That’s the lede to a story detailing the fate of the Stearns Collection of Musical Instruments. Donated to the University of Michigan in the 1890s, $25 million collection has gone from “baking to death” in the lobby of Hill Auditorium to an unheated barn to a storage unit off-campus where it sits, unseen and unheard.
Donated to U of M by Detroit businessman Frederick Stearns with explicit instructions that they be “be immediately housed and installed,” the collection is yet another victim of shrinking budgets and changing priorities on American college campuses. The collection seems to have grown over the years as it reportedly includes an early Moog Synthesizer and a Theremin.
Given how this country values history, I don’t have high hopes that this collection will eventually see the light but maybe we could pool our vast GLONO funds to mount a stealth operation to set some of that stuff free!
Seems crazy that they’re still digging up new Doors material, but apparently producer Bruce Botnick discovered this one while preparing the session tapes for L.A. Woman, which is once again being reissued on January 24. Curious that it didn’t turn up when they released the 40th Anniversary remixes in 2007.
Regardless, this is the kind of Doors song I really like. Lyrics aren’t too silly and the band sounds great. Krieger’s blues licks sound perfectly unfussy with Manzarek’s Wurlitzer electric piano giving more of a Ray Charles punch than his signature Vox Continental. Meanwhile, Densmore proves he was the coolest guy in the band.
This recording must just be a warm-up jam while the engineers were adjusting levels, or something, as Morrison’s microphone is overdriven through most of the song. It’s actually nice to hear them to hear them playing this loose and garage-y at this point in their career.
“I know that things can really get rough when you go it alone.”
So this is the sound of the Shins after James Mercer ditches his band and dumps Sub Pop for a major label. Sounds a lot like the Shins back when James Mercer had his old band and was still on Sub Pop.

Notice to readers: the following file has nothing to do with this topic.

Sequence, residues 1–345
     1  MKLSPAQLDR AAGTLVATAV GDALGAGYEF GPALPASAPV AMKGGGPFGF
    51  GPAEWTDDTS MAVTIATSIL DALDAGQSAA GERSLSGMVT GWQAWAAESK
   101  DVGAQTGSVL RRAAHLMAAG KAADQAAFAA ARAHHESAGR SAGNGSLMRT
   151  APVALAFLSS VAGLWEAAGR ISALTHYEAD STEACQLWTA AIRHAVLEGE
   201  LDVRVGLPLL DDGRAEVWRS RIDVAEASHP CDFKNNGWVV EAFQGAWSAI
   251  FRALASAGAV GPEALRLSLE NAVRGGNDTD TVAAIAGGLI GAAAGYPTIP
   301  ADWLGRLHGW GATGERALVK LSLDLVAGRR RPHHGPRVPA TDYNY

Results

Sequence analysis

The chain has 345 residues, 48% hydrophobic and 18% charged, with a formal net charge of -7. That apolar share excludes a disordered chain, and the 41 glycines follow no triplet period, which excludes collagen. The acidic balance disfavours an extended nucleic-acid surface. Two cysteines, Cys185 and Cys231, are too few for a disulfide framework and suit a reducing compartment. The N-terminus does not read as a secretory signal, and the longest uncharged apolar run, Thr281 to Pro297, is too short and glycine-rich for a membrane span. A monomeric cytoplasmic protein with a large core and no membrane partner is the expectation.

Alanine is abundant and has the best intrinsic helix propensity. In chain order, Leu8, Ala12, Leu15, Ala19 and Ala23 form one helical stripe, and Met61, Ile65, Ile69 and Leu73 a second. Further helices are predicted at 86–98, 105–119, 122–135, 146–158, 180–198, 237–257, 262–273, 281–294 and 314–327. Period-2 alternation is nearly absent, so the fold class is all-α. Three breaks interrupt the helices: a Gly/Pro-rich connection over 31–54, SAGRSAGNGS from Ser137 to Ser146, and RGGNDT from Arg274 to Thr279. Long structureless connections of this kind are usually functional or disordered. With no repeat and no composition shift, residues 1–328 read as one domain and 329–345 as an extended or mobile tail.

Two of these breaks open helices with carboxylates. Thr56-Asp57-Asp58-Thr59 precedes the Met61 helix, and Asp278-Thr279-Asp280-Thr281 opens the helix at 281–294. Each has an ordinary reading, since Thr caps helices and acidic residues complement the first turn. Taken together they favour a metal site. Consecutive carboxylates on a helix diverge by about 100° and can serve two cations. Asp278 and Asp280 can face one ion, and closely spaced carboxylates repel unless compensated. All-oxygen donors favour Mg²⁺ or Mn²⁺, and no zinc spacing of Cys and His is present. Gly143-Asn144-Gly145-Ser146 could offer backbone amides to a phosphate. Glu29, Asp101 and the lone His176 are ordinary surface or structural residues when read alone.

It sounds good. Might take you a couple listens to get adjusted to the sheen and gloss, but once you’re used to it the song hits the same emotional spots that the Shins always have. Here’s hoping the rest of the album is as good.
1. The Rifle’s Spiral
2. Simple Song
3. It’s Only Life
4. Bait And Switch
6. No Way Down
7. For A Fool
8. Fall Of ’82
9. 40 Mark Strasse
10. Port Of Morrow
From the Shins’ web site: “Port of Morrow was recorded in Los Angeles and Portland over the course of 2011 with James Mercer as usual handling all songwriting duties and lead vocals. The album was produced by Greg Kurstin and mixed by Rich Costey.”
You’ve likely heard by now: Van Halen is back. Not Van Hagar or some version with a different singer from another second-tier 80s band—VAN HALEN, with Diamond David Lee Roth. Debuting the old-new line-up at the Café Wha? in New York city earlier this month, VH also debuted the first new single with Roth on vocals since we were all wearing pegged jeans and some fans are miffed.
Debate among the hardcore VH crowd rages around whether “Tatoo” is just a rehash of a 1977 outtake called “Down in Flames.” What? Seriously? We’re bitching about new Van Halen sounding like old Van Halen? I thought that’s what we all wanted!? Sounding like 1977 Van Halen should be a dream come true! I mean, it could be worse. It could sound like 1987 VH (between 5150 and OU812) or 1997 VH (after the awful Van Halen III). Seriously, shut up!